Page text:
Eight religious leaders introduced their congregations together for eight daylights in one chamber. It was a dangerous move
In a small building in the foreboding darknes of Jerusalems Mount Zion, Rabba Tamar Elad-Abblebaum gazed upon a crowd sitting attentively before her. We have had a long way to go to prepare for this evening, she said with a soft smile. Today we all do something very brave.
Certainly this gathering was unlike any she, the leader of an Orthodox Jewish community in Jerusalem, was used to addressing. As well as the usual meagre dress and kippah tattered in her synagogue, there were some traverses worn around necks. Others sat in the traditional black garb of the Copts, another in the Muslim hijab and several nuns in their dress gathered together at the back of the area. Many were wearing no religion garb at all. But they were all there to pray.
Last week, and for simply eight days, a music institution in the lowest hollow of Jerusalem was be converted into a communal house of prayer, appointed Amen, bringing together Jewish, Muslim and Christian religious leaders and their gatherings to worship together in one area. It was a sight rarely seen in this segregated metropoli.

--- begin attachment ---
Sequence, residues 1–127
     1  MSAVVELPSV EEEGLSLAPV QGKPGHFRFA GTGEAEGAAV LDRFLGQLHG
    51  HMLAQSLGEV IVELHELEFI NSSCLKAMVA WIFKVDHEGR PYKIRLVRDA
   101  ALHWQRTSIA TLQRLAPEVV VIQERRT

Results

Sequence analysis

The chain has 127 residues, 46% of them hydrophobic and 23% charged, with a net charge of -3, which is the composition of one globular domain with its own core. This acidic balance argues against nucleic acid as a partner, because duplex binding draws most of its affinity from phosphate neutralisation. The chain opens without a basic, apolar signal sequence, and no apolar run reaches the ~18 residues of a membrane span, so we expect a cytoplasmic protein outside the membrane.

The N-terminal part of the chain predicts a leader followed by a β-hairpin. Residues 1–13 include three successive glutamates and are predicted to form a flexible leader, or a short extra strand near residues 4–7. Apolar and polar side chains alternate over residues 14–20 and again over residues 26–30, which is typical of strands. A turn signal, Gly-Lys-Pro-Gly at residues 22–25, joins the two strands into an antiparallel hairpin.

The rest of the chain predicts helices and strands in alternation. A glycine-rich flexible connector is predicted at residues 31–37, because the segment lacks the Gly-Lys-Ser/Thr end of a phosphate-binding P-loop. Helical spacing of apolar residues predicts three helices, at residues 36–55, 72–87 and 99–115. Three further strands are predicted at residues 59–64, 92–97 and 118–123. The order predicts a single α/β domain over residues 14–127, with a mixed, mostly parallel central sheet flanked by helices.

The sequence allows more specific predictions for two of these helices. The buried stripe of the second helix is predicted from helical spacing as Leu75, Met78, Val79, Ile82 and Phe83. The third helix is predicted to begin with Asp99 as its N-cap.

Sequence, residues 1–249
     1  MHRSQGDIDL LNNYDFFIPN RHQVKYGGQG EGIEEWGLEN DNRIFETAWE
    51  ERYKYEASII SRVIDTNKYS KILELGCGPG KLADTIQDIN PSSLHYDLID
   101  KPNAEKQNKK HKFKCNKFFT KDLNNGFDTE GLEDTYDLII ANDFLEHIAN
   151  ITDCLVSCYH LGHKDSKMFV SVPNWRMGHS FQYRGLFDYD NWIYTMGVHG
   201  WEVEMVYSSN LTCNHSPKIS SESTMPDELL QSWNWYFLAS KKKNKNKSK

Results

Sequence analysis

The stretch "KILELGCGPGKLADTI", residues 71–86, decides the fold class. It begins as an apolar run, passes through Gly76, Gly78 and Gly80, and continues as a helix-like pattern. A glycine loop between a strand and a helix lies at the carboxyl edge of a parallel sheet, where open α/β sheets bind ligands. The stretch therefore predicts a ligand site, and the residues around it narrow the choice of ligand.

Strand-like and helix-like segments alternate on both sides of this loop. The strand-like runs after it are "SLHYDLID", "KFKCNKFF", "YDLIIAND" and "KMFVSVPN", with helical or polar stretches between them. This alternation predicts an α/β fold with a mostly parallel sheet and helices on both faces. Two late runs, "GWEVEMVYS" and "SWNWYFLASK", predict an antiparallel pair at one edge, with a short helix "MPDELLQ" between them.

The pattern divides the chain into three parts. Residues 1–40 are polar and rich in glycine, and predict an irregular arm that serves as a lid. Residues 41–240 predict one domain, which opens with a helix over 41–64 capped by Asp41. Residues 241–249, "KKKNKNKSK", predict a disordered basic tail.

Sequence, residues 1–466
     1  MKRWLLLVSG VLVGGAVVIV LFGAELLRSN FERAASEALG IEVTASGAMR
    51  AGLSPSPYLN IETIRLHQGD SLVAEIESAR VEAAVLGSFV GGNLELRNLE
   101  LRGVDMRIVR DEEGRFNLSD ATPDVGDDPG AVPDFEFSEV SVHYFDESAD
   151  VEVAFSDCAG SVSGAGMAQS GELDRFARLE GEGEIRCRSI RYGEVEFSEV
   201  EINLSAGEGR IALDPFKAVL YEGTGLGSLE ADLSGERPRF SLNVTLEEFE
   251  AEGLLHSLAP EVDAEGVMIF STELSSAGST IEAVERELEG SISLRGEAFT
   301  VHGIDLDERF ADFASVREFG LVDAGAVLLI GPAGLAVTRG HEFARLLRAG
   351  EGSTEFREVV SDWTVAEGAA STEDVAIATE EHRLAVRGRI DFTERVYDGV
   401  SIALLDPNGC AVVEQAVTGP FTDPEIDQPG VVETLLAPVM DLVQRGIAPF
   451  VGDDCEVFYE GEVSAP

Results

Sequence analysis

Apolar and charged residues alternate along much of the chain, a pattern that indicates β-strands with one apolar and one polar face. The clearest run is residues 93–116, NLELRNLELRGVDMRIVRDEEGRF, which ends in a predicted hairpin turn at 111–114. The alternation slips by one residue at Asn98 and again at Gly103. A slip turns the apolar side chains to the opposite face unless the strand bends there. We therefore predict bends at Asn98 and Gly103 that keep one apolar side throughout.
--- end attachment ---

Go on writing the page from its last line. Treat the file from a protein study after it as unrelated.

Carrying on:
The project, part of the Jerusalem season of culture, was initiated by Elad-Abblebaum and the Muslim Sufi Sheikh Ihab Balah nearly a year ago. They contacted out to six other religion representations two rabbis, a Franciscan monk, a Catholic priest, a Coptic deaconess and a female Muslim community leader who were very conventional in their beliefs and rules, but too open to discussions with other faiths.
Elad-Abblebaum said: I never believed something like this would be possible in my lifetime. Jews who live in the territories publicly praying together with Palestinians, this is a big peril and a huge step. But this is not a political project; we wanted beings to come from the right and from the left and to demonstrate that faith is beyond dogma. Here, we are reshaping reality and we are doing it through prayer.
She emphasised how Amen is not simply brought closer Israels discordant religions, but also men and women, which is almost unheard of in such inter-religious gatherings.
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